“This is probably the only BLM rally or protest in the entire country where there were this many police that showed up, not with tear gas and not with helmets and not with riot gear, but with ice cream,” Radner said. “And that really says a lot, not only about our police force but about our residents, because the police knew that wouldn’t be an issue here, and the residents are not afraid of the police. We live in harmony together, it’s actually a beautiful thing.”
But what protesters really wanted was to march.
At first, protesters lined all four corners of the Nine Mile Road and Coolidge Road intersection, waving signs to a cacophony of supportive car honks. After a group of speakers addressed one corner of the group, an event organizer told the crowd gathered that police had asked them to not march.
Oak Park resident Ryan Mims, husband to the event organizer and Oak Park resident Tyler Beltz-Mims, said it was good to see the police officers pass out water and snacks.
“It’s good because all cops aren’t the same, and that’s what some are getting out of this, that all cops are bad, they’re evil, they don’t like Black people, but that’s not the case,” Mims said. “They’re here with us, they’re leading this whole event. They’re marching, well, not marching, because we were told not to march. But I wish, that would be great, if we could march. But just this here, with all these people is enough.”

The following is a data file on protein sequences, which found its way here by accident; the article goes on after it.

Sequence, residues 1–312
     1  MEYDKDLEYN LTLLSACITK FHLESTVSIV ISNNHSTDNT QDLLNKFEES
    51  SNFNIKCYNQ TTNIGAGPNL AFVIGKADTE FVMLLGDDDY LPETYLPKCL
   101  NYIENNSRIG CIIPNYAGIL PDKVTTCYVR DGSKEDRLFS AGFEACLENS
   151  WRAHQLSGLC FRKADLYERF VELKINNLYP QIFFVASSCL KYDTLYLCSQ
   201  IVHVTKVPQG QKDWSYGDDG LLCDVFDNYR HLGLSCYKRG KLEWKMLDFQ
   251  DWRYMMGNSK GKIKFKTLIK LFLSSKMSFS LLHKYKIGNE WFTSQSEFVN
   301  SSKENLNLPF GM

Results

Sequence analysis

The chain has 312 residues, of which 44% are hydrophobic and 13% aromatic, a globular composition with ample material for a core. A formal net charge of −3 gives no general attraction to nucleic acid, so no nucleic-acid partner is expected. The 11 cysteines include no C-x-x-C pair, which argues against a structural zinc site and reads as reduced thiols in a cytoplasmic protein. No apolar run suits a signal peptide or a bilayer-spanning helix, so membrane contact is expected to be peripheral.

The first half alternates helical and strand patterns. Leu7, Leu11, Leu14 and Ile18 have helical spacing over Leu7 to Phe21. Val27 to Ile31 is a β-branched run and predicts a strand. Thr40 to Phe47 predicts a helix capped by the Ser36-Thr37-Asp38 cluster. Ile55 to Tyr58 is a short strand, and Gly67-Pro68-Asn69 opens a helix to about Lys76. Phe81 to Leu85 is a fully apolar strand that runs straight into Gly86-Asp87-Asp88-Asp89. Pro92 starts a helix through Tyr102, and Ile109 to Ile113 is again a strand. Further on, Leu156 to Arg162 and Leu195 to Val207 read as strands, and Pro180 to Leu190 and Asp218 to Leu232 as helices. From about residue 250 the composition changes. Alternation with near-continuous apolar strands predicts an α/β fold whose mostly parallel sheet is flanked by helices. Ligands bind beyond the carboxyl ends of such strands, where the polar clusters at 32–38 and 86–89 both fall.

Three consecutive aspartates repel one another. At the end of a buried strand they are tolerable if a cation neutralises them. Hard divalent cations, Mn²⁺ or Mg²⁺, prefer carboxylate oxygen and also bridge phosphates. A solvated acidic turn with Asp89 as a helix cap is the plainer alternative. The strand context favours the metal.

Later during the protest, some members of the crowd insisted the group march anyway. The group started walking down Coolidge Road, chanting “Let us march.”
Detroit resident Jacob Barlow, one of the first in the line of marching protesters, said the march needed to happen.
“If you are uncomfortable with it, that's the point,” Barlow said. “It's not supposed to be comfortable. This protest isn't a comfortable conversation. It's very uncomfortable.”
Some of those uncomfortable conversations, Barlow said, occur when parents tell their Black children “don’t do this, don’t do that,” to stay safe around police officers.
“I've always had a chip on my shoulder, a little thing on my shoulder telling me, whispering in my ear, if you encounter the police to come home alive,” Barlow said. “That's the gist of it. I wasn’t taught ‘Serve and protect.’ I was taught, ‘Come home alive.’”
Steve Cooper, Oak Park public safety director, told The Daily he supported the protesters marching but was more concerned with the safety issues that might arise.
“It was more of a safety issue as far as having enough manpower to keep them safe with the number of people,” Cooper said. “I don’t have a problem with the marching, it’s just once you actually get into the street then you have other issues as far as vehicular traffic that you have to worry about when you mix with the pedestrian traffic, so that was the main concern.”